DOCM,

    thanks a lot for the very interesting Czech case link.

  19. going off topic for a moment, to cheer folks up

    1. http://www.youtube.com/watch?v=2T21kbsvSpU

    Singapore Manpower Minister „laughing all the way to the bank“

    Trade Minister is in search of the script writer : – )

    selecting Germany “injected a sense of realism in our messaging, since no one will bet on a potentially losing team.”

    posted on July 9th !

    and related to Merkel’s 60th :

    http://www.der-postillon.com/2014/07/barack-obama-schenkt-angela-merkel-zum.html

  20. “The irrelevance of legal intervention on OMT in circumstances where (i) no action has yet actually been taken (ii) any action, if and when it is taken, will be clearly designed to avoid any provable suggestion of monetary financing and (iii) will be unanimous (i.e. with German support), is evident.”

    Or alternatively, not evident at all.

    (i) After OMT has been announced and before it has been implemented is precisely the right time to litigate it. Carefully timing litigation for when OMT is implemented in the middle of a renewed crisis would be daft.

    (ii) There has been a fairly good case made that it’s not possible to undertake effective OMT actions in compliance with the treaties. No doubt, the folks involved will do their best to avoid provable monetary financing, but their best may not be good enough if it is just not possible.

    (iii) Unanimity between governments and the view of the German government are not of much relevance to compliance with the relevant treaty articles.

  21. And since I was recently misled by the evil Microsoft spellchecker to call seafoid a misogynist,

    instead of the proper “misanthrope” : – ) ROFL

    I just want to remind you , that anglish is my second language, with :

    IF I HAD A HAMMER – Angela Merkel about her English skills back in DDR

    http://www.youtube.com/watch?v=51M1A9qj8qE

    before exploiting the 2 link limit, and test Kevin’s tolerance : – )

    Putin spricht Deutsch / Putin speaks German 1/3
    http://www.youtube.com/watch?v=2FRVOPGwXf0

    starting 2:42

  22. The exact circumstances when QE would be countenanced would be “when Hell freezes over” or when Crazy Jens is sent to his room. Whichever is sooner.
    DOD,
    I see your pals in the Ukraine up to no good.

  23. @Tull

    Had a chat with Paddy Zhukov in Kharkov yesterday. The situation of the Russian speaking population is dire. Villages and towns are subject to artillery and bombed from the air – many civilian casualities.

    The Azov brigade, neo-nazi, and the far right svoboda recruits are essentially involved in ethnic cleansing and all they want to do is kill Russians. Amazing that Poroshenko has gone this direction – must be with tacit approval from Nuland & the US, especially those corporates who want the IMF dosh so that they can annexe the key resources from The Oligarchs who are set to make billions from this – the dosh will only arrive when the East is ‘pacified’ – hence the brutality unleashed by the Oligarchs.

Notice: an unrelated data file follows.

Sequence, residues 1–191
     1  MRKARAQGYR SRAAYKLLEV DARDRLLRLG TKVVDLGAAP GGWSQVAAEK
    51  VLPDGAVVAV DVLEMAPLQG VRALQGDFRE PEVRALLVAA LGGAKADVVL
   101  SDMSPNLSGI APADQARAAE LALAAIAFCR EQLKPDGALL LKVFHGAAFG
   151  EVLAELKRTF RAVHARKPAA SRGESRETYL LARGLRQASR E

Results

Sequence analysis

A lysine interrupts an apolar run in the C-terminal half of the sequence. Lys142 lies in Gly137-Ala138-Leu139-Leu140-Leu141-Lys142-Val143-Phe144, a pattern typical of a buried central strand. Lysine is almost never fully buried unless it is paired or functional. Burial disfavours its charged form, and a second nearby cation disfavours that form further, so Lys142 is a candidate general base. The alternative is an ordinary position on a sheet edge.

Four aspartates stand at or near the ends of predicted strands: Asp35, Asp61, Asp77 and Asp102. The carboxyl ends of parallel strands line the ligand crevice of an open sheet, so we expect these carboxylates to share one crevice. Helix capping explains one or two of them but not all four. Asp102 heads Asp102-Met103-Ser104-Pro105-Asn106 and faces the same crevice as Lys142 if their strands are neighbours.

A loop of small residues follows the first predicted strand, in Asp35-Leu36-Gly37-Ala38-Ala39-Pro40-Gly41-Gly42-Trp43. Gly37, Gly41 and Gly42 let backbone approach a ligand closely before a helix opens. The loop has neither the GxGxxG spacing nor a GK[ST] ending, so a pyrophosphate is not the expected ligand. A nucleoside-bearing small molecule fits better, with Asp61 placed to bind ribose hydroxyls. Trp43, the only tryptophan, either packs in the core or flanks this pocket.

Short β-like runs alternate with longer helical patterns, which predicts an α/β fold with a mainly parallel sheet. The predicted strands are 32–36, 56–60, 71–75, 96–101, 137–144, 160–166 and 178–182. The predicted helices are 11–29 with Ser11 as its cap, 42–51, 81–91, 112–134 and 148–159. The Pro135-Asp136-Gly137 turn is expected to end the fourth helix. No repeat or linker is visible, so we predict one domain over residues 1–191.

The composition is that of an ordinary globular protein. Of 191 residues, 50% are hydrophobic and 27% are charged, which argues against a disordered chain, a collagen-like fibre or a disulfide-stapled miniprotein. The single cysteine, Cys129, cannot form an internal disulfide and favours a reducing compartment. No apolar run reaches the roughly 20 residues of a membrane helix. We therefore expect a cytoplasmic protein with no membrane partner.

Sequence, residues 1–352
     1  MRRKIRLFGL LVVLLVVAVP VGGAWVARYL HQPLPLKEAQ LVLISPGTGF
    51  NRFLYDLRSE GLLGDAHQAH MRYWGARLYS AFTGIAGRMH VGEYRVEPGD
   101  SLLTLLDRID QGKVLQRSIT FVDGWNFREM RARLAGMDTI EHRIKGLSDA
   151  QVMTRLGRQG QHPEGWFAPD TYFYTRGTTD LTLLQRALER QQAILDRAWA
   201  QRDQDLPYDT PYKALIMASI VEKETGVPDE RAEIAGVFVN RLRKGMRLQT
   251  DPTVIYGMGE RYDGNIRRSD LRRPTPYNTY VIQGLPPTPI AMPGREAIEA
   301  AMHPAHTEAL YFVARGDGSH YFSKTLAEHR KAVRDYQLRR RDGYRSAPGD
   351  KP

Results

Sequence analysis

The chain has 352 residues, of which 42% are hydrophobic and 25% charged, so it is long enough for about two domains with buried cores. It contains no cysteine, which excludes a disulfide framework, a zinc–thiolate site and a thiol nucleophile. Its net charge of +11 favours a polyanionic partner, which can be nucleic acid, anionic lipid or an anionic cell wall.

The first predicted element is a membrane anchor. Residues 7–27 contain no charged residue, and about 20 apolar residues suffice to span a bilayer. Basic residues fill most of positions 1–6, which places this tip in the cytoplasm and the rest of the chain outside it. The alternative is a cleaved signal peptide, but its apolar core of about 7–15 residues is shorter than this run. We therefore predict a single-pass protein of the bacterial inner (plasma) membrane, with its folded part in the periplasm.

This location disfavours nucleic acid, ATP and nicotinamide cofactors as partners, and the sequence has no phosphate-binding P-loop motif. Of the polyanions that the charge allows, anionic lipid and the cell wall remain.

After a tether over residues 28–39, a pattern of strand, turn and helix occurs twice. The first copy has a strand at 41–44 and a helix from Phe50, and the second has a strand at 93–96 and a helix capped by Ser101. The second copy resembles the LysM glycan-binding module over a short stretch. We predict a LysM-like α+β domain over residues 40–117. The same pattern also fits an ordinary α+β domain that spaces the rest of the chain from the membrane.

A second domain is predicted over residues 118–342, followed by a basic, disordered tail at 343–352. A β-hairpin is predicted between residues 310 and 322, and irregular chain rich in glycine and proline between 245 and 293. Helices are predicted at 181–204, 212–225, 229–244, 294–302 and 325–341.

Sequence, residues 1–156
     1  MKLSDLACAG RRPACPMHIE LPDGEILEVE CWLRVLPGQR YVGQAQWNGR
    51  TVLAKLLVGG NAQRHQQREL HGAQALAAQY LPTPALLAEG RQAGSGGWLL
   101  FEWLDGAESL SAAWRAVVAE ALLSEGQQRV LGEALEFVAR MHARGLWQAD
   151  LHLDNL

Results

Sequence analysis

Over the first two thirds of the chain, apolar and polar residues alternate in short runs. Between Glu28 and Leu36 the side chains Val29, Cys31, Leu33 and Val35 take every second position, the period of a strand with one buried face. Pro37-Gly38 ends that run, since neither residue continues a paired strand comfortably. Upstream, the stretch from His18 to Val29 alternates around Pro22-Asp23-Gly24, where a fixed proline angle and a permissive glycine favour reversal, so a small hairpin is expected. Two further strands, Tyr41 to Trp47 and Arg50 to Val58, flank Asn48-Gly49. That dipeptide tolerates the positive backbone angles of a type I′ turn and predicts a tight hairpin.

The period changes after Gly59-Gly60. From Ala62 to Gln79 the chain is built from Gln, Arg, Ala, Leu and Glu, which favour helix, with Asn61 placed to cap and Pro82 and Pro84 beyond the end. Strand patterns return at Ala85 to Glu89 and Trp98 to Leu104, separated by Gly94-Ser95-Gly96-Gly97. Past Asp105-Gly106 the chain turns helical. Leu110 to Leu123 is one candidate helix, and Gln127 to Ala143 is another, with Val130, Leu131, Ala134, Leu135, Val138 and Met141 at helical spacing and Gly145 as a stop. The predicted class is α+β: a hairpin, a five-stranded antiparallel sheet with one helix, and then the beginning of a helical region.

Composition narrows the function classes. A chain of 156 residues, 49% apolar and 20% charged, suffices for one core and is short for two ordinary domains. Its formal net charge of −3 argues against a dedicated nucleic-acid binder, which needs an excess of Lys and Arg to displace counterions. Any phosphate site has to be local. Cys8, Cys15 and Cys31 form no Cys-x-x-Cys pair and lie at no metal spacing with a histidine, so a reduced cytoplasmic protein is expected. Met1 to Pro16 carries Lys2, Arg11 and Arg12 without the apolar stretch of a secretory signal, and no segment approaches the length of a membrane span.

Local Russians are dismayed that Putin is sitting on the fence – and the US sanctions – for what was a US inspired and funded ‘regime change’ – are simply war against Russian by other means. The lessons of Bosnia have not been learned – and the EU is toothless: Merkel parties at 60 while European civilians are bombed and die. Poroshenko, and the ruthless jewish oligarch who masterminded Odessa masacre, must love Israel as the world media focuses on the disasterous situation in the Gaza concentration camp.

    I’ll link to a good explanatory geopolitical piece on the macrofinance from Michael Hudson in a following post. I have no detail on the Vincennes_esque nature of the latest disaster in that area …

  24. @tull fyi

    Financial War in Ukraine [h/t nakedcapitalism]

    No to currency slavery

    July 10, 2014
    By Michael

    From RT news

    Western support will allow more IMF and European lending to prop the Ukrainian currency so the Ukrainian oligarchs can move their money safely to British and US banks, economist and author Michael Hudson told RT’s Truthseeker.

    RT:Could you summarize for us the tried and tested steps that will lead from IMF loans, to Ukraine’s best assets ending up in private Western hands – the IMF’s ‘knee-breaker’ role as you memorably described it as?

    Michael Hudson: The basic principle to bear in mind is that finance today is war by non-military means. The aim of getting a country in debt is to obtain its economic surplus, ending up with its property. The main property to obtain is that which can produce exports and generate foreign exchange. For Ukraine, this means mainly the Eastern manufacturing and mining companies, which presently are held in the hands of the oligarchs. For foreign investors, the problem is how to transfer these assets and their revenue into foreign hands – in an economy whose international payments are in chronic deficit as a result of the failed post-1991 restructuring. That is where the IMF comes in.